If your combined credits between the United States and your host country make you eligible to receive Social Security benefits, you will receive partial benefits based on the percentage of your career you’ve spent paying into each country. The Social Security agreements enable the SSA to totalize foreign and United States coverage credits if you have earned at least six quarters’ worth of US credits. Your host country may also have similar minimum coverage amounts in order to receive foreign Social Security benefits.
In Which Countries Are There Active Totalization Agreements with the United States?
There are currently 24 countries with active Totalization Agreements with the US. There is a full list of countries with Social Security agreements on the SSA website.
How Are My Social Security Benefit Payments Affected When I Move Out of the United States?
Even if you aren’t living in the United States, you are still eligible to receive Social Security distributions. There are some exceptions, however. The Social Security Administration is strictly prohibited from sending payments to North Korea and Cuba. If you are residing in one of these countries, you will receive all withheld payments when you move back to the United States or to a country where there are no restrictions. If you are a non-US Citizen, you will not be eligible to receive withheld payments for the months in which you lived in North Korea or Cuba. This is true even if you move to another country in which Social Security payments are allowed or to the United States.
In addition to the prohibited payments to North Korea and Cuba, the SSA cannot generally send Social Security payments to any of the following countries:
Another important thing to note is that the SSA is not allowed to send your payments to any other person besides you. There are some exceptions to this rule. In order to take advantage of the exceptions, you are required to agree with payment conditions. This includes showing up at the US Embassy every month to personally pick up your benefit check.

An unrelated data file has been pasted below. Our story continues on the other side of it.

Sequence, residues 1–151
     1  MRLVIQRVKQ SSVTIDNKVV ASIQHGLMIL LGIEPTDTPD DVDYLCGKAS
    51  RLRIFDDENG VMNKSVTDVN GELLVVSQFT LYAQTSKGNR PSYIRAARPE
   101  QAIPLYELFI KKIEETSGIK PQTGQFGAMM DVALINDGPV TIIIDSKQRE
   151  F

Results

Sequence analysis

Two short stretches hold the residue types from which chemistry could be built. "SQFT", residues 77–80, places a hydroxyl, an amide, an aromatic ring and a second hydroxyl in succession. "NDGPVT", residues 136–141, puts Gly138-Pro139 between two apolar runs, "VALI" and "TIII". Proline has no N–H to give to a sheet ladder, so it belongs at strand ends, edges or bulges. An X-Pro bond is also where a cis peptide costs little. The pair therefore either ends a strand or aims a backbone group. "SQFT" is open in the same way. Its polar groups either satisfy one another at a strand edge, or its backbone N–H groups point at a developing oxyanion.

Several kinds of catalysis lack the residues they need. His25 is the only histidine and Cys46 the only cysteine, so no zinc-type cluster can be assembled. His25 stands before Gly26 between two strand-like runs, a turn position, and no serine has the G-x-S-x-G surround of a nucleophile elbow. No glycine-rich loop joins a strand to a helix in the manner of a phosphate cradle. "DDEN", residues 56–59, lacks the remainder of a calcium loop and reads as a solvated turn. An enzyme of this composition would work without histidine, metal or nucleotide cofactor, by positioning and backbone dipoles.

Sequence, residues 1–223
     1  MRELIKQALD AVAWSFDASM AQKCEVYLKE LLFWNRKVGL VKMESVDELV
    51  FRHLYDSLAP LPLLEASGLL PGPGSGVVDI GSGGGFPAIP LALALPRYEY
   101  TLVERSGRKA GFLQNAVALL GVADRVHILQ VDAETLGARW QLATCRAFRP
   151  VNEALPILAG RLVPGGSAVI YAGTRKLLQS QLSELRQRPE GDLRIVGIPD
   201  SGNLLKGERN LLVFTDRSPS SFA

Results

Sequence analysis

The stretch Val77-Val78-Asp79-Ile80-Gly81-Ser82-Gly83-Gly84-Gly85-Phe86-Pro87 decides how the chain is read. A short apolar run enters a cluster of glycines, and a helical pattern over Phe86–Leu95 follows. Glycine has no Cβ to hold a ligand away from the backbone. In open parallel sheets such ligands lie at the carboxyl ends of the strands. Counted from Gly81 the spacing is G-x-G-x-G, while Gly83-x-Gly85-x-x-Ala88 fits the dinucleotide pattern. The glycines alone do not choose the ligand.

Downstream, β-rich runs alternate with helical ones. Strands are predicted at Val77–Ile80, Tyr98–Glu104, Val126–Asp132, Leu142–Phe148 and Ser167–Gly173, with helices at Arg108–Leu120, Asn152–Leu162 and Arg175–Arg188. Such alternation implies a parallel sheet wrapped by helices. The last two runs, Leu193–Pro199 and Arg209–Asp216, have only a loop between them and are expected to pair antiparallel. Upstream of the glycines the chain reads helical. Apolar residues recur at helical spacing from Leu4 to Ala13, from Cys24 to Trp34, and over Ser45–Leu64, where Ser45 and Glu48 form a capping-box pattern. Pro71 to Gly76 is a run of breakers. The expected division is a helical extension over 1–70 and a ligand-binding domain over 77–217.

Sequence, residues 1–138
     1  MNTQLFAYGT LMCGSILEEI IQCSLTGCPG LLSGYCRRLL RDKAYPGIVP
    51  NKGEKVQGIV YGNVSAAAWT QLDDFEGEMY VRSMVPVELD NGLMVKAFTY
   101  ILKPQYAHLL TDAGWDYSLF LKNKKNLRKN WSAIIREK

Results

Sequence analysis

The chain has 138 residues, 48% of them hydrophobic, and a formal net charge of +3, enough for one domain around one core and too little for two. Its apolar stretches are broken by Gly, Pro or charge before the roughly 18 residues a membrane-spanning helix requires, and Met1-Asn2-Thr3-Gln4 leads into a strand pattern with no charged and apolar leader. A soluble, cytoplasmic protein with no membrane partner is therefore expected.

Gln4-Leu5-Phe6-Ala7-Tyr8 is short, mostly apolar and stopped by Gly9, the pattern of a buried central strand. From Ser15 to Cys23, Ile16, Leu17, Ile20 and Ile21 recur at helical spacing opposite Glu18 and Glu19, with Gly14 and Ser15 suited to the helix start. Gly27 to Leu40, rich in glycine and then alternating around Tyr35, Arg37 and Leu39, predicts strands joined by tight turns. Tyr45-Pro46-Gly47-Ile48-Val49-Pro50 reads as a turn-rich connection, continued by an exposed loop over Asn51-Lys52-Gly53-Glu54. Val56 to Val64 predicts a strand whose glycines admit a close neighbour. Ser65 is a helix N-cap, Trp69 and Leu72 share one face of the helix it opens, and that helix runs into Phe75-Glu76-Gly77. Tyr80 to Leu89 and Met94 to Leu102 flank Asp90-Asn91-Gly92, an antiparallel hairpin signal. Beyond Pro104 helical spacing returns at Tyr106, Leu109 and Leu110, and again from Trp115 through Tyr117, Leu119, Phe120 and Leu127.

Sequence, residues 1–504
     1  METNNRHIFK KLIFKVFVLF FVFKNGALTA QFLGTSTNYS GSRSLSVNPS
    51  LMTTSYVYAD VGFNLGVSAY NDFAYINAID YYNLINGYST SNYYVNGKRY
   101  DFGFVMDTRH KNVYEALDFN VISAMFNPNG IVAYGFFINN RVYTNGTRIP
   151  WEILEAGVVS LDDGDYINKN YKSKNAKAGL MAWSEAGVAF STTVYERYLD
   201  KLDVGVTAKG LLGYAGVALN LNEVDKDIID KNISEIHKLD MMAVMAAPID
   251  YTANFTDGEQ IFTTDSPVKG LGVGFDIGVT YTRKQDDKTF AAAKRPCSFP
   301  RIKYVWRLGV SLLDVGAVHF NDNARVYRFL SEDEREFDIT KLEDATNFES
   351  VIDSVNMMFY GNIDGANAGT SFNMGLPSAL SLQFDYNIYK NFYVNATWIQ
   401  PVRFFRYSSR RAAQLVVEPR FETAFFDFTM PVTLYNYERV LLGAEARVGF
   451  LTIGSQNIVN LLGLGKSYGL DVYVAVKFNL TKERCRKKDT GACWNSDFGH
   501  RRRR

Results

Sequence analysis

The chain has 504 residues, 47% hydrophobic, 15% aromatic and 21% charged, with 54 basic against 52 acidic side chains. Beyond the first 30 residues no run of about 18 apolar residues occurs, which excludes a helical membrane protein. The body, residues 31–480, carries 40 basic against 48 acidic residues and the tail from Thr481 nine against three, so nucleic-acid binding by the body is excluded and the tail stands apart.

What Does It Mean to Be Outside of the United States?
You are outside of the United States if you are not living in one of the 50 states, American Samoa, Guam, Puerto Rico, the District of Columbia, the Northern Mariana Islands, or the US Virgin Islands. You may also be considered to be outside of the United States and receive Social Security payments in another country if you have been living outside of the US for at least 30 days.
What Do I Need to do to Protect My Right to Social Security Benefits?
While you are living outside of the United States, the Social Security Administration will periodically send out a questionnaire on which you will report updated information. The SSA uses your answers to determine whether or not you remain eligible for benefits. You must return the questionnaire to the office from which it was received as promptly as possible to avoid having your benefits suspended. You are also required to notify the SSA of any changes which would affect your Social Security payments. If you do not report updated information or you report false information, you are subject to penalization in the form of a fine or imprisonment. You may also wind up losing some of your Social Security benefits.
Can My Social Security Benefits be Received via Direct Deposit to My Host Country?
There is a complete list of countries in which direct deposit is available on the SSA website. Direct deposit is actually recommended so that you receive your benefits in a timely manner.
How Will My Social Security Payments be Taxed?
If you have US Citizenship or US Residency, taxes on up to 85% of your benefits may be taxed on a federal level. The amount that’s taxed will depend on the total amount of your Social Security payments. The SSA may also take into consideration your other income (if you have any). Generally speaking, the more you make the more you will be taxed.
If you are an individual earning an income of $25K or more, 50% of your Social Security benefits will be subject to federal income tax. A total taxation rate of 85% may be imposed if you are in either of the following situations: